3. I want accountability. I want transparency. If my boss has the legal right to watch every move I make on video camera and use that video to manufacture grounds for my dismissal, why do I, as their boss, not have the right to watch every move they make?

    But they’re “thhhhhpecial,” right? Make the case.

    What’s good for me should be good for them. We CAN make it a condition of their employment. We might even get coherent court decisions for a change.

  4. The comment on Kennedy teaching in Europe, which he has done for years, is infantile twaddle. What possible relevance does his accommodations have to anything. You pander to the nut cases and then banish them when they visit the same nonsense on the lower courts. Transparency is not the issue. People dislike or do not understand outcomes and are angry. No amount of financial disclosure will change that, because it will not change the unhappiness and misunderstanding. What Scalia and Thomas do maybe imprudent but it is not secret. In seeming to agree with you Anonymous in fact demonstrates that results are the issue. The opinions are there to read, he just does not like them. If you were Irish I would think Kennedy was the grudge.

  5. Yes but make it simple: income; amount and source. Stock and real estate ownership. Bond ownership except for U.S. Debt; bonds, bills and notes etc.

  6. “Infantile twaddle?” Perhaps you are right and I took a cheap shot. I confess that my Id and Ego are sometimes more powerful than my Super Ego.

    All the best.


  7. It’s an absolutely egregious breach of ethics that the AO informs judges of when their financial disclosures are requested. The AO should not be acting as a judicial Stasi.

    All disclosures should be provided in machine-readable electronic format.

    Until the AO gets its head out of the East German sand, I will be starting to post judge disclosures on PlainSite ( where people can actually find them for free.

    Also, Judge, if you’re for free judicial disclosures, why not take the next logical step and advocate for your decisions and all legal documents on PACER (and in state courts) to be freely available as well? (I know, I know, decisions are already free. Except that’s a lie. Maybe 20% are marked properly in PACER, and it varies depending on the court and a judge.)

  8. Judge, my wife prevents me from allowing my grudge to show in public but as memory fades it shines more brightly. Your unfiltered approach will produce some excess but the rest is worth the price of admission.

  9. Alan,

    I am a big proponent of providing all documents on PACER (CM/ECF) to a member of public who seeks them at a cost equal to the cost of making them available. At present, that is not the case. If I were the Czar, I would make the change.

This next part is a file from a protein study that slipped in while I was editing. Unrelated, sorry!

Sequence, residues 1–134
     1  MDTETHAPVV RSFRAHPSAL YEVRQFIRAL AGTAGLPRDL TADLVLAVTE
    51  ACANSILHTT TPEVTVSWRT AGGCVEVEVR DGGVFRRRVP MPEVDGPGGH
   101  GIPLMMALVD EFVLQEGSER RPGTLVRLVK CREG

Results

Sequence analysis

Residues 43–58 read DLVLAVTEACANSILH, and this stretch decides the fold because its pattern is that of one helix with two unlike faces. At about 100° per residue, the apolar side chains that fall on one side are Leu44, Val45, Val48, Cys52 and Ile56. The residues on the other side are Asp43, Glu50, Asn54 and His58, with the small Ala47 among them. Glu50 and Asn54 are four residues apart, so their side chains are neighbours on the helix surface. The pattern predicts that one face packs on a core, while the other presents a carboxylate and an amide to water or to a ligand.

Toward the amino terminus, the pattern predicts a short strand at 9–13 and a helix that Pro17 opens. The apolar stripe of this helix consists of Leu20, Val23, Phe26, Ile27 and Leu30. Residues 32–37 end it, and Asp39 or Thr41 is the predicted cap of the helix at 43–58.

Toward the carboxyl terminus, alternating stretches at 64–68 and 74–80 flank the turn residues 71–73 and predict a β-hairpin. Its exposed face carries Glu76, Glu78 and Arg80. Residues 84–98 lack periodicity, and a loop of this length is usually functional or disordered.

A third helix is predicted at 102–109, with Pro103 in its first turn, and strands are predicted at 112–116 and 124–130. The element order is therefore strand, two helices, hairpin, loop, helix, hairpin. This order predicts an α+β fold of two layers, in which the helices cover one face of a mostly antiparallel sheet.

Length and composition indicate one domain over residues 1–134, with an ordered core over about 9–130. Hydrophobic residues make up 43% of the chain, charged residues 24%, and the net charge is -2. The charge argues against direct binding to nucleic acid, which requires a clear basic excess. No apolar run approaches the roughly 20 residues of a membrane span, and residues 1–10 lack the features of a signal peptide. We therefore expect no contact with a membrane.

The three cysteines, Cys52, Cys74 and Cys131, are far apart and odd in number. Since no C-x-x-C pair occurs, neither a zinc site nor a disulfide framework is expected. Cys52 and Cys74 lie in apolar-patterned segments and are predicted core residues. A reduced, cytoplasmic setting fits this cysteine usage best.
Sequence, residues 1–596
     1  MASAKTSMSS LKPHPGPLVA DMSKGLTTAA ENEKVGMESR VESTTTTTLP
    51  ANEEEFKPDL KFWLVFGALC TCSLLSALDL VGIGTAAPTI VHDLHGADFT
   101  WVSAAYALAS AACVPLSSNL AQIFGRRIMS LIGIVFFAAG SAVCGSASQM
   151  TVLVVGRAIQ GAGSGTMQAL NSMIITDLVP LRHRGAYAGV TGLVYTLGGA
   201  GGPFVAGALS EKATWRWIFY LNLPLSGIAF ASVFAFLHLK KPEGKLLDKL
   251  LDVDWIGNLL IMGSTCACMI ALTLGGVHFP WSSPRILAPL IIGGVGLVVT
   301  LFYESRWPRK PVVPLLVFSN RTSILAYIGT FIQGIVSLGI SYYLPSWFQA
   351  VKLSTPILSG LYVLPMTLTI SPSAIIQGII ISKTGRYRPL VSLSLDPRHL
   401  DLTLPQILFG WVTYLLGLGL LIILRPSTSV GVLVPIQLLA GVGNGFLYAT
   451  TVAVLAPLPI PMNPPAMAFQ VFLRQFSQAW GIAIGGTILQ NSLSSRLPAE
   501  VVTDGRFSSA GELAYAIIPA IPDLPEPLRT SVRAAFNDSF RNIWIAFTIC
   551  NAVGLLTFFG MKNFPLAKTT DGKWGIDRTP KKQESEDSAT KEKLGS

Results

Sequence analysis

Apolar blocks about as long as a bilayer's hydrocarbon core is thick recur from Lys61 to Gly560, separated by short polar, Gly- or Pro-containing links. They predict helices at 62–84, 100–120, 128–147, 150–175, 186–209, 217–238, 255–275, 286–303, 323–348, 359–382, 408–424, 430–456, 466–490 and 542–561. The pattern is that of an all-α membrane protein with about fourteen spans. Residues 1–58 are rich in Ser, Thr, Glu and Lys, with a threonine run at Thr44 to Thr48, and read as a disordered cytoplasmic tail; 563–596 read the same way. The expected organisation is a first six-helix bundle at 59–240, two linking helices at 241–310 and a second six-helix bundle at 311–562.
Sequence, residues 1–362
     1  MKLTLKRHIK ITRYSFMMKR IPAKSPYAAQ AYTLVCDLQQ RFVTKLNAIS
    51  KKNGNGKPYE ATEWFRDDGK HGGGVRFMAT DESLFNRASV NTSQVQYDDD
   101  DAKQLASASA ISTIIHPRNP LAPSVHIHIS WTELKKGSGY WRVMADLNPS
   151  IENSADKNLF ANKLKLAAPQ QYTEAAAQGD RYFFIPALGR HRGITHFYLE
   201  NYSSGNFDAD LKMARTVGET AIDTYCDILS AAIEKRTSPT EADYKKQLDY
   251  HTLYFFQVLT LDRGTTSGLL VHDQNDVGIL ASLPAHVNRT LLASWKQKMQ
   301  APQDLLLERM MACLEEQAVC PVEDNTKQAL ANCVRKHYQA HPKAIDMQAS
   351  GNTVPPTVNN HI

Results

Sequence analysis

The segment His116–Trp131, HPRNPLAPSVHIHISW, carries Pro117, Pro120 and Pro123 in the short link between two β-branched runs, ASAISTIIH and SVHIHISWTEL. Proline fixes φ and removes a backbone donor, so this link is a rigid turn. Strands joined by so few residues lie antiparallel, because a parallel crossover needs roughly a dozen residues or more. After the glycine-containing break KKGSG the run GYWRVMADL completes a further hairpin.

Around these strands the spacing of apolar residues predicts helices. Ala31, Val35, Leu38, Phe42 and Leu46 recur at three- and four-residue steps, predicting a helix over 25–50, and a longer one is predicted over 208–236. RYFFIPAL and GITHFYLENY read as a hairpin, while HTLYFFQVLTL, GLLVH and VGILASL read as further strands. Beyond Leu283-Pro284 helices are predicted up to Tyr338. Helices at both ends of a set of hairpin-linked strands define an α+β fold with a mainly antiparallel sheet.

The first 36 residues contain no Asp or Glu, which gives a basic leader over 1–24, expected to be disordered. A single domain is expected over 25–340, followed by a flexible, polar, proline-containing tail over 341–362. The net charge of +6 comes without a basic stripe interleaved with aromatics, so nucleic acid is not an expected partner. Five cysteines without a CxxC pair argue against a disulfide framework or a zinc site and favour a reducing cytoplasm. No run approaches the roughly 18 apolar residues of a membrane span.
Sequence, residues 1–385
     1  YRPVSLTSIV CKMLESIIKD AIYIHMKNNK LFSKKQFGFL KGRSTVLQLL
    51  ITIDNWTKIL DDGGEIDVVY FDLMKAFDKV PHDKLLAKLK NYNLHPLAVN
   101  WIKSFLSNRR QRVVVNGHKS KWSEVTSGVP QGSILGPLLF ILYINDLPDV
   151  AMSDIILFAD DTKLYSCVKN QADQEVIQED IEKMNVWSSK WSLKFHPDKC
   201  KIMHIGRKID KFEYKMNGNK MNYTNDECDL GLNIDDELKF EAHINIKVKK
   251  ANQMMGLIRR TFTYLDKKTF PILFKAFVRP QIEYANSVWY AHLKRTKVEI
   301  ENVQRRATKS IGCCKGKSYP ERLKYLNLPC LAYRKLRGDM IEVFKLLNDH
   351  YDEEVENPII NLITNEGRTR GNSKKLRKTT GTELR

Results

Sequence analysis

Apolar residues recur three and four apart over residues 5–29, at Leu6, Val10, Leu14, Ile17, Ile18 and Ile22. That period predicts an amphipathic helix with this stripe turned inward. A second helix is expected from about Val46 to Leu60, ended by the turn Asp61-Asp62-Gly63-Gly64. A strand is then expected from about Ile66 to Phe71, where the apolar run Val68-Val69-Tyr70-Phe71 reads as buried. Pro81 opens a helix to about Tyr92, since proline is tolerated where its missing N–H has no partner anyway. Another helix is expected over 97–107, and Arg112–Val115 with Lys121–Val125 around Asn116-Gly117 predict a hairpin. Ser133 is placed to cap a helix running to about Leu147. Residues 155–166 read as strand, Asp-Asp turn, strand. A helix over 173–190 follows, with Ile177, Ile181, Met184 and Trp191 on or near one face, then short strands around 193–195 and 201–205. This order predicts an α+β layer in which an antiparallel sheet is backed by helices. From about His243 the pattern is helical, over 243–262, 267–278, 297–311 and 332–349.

All the best.


  10. In light of today’s decusion on the ACA I fully expect CJ Roberts to make a number of well paid speeches to the insurance and hospital industry.

    The Clintons did it. Why not Roberts?

    The pay is better than umping.

  11. Rather unfair. Despite Scalia’s partisan screed, in the first ACA case a number of prominent conservative Con Law types predicted survival as a tax well in advance of the decision, and in this case the idea that interpretation the light of the whole text and not a fragment in isolation is fairly elementary law, though it does require effort.

  12. Applesauce futures. That’s what I want disclosed. Lord knows how much jiggery-pokery, higgity-piggity, zippery-zappery or HORRORS OF HORRORS!, slipperly-sloperly could be going on if the public doesn’t know about judges and their applesauce futures.

    On the other hand, since the Justices of the Supreme Court of the United States are, apparently, rapidly becoming deranged senile celebri-taints, does disclosure over what they spend on wine, Ensure and Depends really matter?

    But on the positive side, we’ll have a Ben and Jerry’s flavor named after a Justice and that’s immortal…well, until a marketing survey (or another Justice) can’t answer the question, “Who in the hell is Ruth Bladder Goldberg?”. The legal system is so, so, so, so very fucked…

  13. The masses are angry because the decisions seem irrational. I am furious because I know how poorly they are crafted.

    Transparency IS the issue. When judges dismiss valid cases because they can, and do so because “I said so, damnit!”, the system loses its legitimacy.

    Once the common people see the one-page summaries federal appellate judges (never mind SCOTUS) scarcely glance at when they issue opinions written by law students that were never even proof-read, their average life expectancy could begin to be measured in weeks, and justifiably so.